Well is that so bad? A nationally divvied up internet, every sector rigorously controlled and policed? Let’s look for a moment at what that would involve. There’d be universal technical protocols agreed for sure, but this time not to permit free exchange of information and ideas, but rather to block, to monitor, to silence. A global architecture of control. An architecture we’d help put in place with, I accept, the best of intentions, but these good intentions would give tyrannical regimes worldwide the tools they’d need to police their own backyards. We’ve already seen it. US filtering software developed in the 1990s to block porn from company networks was the direct ancestor of that used today by China, Iran and Singapore. Worse, any moral authority the West might have had to denounce political censorship was blown away by our own governments’ enthusiastic clampdowns on our “red lines”, and how those red lines have since spread. Can we really tell the developing world censorship is an evil, when the material thought worthy of pursuit here in the UK has mushroomed so rapidly? Where once it was child pornography alone that required policing, soon racially incendiary material was added to the list, then extreme pornography was defined and declared off-limits, at the same time the courts held that watching a hostage being beheaded constituted some kind of assault, and then sharing copyrighted music files took centre stage as a threat to British industry, before the ugly phrase “domestic extremism” jumped up to embrace everything from Islamism to Neo-Nazism. What might require the censor’s knife next? Climate change denial? It has been suggested…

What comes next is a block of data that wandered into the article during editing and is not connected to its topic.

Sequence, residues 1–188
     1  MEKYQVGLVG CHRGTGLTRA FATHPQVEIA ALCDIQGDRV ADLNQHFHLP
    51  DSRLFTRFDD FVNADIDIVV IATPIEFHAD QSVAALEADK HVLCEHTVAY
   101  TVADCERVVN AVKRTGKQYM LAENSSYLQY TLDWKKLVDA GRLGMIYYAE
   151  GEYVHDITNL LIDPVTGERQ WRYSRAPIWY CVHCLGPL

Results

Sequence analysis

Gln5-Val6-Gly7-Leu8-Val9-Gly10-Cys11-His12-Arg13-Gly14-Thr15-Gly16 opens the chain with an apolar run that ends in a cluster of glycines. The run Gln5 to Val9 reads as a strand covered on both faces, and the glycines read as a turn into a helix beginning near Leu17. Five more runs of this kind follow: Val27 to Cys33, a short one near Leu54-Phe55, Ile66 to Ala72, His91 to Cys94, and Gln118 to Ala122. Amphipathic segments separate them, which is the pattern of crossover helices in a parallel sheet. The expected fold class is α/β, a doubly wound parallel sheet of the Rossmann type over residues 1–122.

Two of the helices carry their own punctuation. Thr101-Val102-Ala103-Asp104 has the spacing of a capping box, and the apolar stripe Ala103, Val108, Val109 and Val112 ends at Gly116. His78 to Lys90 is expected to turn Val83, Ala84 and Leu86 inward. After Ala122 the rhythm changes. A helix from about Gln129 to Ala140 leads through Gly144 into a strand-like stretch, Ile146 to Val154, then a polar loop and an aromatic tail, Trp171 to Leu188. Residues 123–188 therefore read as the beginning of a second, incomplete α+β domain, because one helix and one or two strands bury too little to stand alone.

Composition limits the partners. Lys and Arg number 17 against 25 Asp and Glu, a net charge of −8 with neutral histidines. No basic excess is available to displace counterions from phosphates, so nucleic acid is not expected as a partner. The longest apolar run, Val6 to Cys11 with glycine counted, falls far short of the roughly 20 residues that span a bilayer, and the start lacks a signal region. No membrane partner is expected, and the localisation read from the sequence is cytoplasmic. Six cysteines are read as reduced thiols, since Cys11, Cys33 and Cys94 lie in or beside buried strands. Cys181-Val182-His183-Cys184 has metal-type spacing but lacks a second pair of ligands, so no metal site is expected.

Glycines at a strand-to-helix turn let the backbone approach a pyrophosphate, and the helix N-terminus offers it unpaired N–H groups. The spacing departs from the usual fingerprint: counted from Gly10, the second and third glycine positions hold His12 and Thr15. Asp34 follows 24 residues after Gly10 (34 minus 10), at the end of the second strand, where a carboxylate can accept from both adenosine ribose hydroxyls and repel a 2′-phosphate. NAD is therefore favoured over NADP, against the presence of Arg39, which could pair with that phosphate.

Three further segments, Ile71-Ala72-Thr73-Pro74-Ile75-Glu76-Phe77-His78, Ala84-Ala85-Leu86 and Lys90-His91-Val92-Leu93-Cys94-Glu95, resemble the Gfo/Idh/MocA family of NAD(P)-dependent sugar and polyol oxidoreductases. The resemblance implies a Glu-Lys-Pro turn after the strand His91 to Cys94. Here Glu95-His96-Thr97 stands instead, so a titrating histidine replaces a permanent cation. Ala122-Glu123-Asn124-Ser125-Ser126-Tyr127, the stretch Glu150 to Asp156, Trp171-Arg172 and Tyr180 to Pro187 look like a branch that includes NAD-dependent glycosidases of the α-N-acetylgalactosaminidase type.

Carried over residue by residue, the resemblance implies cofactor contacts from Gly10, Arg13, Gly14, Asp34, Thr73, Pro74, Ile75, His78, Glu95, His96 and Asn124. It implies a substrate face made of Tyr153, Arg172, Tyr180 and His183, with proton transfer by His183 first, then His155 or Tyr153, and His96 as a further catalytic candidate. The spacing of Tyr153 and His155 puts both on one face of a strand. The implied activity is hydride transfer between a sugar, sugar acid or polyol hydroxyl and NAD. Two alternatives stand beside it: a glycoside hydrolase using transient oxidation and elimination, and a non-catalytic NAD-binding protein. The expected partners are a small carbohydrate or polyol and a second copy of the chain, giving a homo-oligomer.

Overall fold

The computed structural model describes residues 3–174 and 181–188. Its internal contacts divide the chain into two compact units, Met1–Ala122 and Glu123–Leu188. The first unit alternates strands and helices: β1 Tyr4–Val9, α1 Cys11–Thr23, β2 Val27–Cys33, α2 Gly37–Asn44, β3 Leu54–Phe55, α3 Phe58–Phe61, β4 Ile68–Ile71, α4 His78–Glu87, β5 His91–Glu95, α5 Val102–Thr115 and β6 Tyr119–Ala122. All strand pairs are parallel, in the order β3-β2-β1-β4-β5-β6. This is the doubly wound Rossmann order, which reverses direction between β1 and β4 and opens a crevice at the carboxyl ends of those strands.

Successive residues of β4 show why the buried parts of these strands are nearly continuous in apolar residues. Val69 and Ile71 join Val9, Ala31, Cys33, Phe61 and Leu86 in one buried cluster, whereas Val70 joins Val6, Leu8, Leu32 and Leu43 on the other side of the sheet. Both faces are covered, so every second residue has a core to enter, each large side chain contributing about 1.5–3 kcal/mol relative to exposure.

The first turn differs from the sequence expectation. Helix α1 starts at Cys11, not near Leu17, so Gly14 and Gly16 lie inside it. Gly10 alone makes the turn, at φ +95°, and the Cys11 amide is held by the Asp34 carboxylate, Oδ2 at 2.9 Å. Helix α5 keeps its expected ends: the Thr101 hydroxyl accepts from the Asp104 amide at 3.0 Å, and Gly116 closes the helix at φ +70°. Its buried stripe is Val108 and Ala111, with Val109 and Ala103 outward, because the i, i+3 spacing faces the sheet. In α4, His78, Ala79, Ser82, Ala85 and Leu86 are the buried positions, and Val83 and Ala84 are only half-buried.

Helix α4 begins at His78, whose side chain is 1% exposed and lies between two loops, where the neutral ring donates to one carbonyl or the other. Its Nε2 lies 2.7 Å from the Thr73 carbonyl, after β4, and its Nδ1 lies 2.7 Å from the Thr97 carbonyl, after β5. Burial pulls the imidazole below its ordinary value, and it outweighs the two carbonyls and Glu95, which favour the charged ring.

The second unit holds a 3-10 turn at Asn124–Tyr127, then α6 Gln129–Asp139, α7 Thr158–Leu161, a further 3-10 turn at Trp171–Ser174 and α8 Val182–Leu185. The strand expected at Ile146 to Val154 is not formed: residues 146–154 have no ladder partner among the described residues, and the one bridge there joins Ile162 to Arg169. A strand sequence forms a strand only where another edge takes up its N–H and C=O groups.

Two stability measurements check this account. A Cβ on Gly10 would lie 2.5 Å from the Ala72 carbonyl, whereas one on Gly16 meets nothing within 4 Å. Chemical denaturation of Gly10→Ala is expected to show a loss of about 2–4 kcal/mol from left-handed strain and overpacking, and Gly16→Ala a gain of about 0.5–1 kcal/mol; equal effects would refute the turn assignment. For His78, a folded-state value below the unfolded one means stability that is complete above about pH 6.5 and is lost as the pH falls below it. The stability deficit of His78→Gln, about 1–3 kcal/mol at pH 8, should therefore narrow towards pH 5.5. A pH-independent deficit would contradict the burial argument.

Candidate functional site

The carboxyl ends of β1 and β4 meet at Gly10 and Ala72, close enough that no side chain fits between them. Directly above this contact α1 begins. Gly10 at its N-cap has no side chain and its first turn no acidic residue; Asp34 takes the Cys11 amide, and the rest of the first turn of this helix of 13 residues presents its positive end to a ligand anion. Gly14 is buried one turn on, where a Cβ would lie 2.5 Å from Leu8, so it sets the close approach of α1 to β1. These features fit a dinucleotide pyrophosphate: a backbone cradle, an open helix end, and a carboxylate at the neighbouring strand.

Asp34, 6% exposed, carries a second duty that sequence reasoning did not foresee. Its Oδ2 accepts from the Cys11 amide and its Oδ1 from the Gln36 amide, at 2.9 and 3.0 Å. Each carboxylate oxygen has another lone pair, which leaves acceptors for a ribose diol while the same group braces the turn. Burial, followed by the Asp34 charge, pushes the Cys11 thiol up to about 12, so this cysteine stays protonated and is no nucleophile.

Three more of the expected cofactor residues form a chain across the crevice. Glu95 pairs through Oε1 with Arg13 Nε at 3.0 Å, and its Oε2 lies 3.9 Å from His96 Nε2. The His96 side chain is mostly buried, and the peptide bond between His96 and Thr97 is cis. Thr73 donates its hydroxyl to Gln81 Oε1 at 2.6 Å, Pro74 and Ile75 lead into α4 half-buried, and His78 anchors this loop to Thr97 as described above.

We are already half way down the slippery slope to the Chinese model. Limits on conversation that would be, one hopes, unthinkable if imposed in pubs, are becoming routine in UK-hosted forums. Our internet is fast becoming more like a corporate intranet where all conversation is tightly controlled; is this the direction we want to be travelling in? That’s not a rhetorical question – I’m genuinely curious. One the one hand we have ministers telling us that unruly bloggers must be gagged, that outlawed groups denied speech on campus should be denied it online too, that “hate speech” of a dozen different hues should be deleted, and we have Twitter mobs howling for the head of anyone who dares cross the moral boundary du jour… yet at the same time, the idea mooted in Australia of banning anonymous political comment, or disconnecting illegal file-sharers, draws widespread condemnation.

It seems to me that when the actual mechanisms required to enforce internet controls are spelled out, Joe Public is not keen. While he might not be in favour of allowing lunatic Islamists to crow about terrorist attacks, neither is he keen on the key fundamental underpinning any effective censorship of forums, newsgroups or chatrooms; the removal of anonymity, for everyone.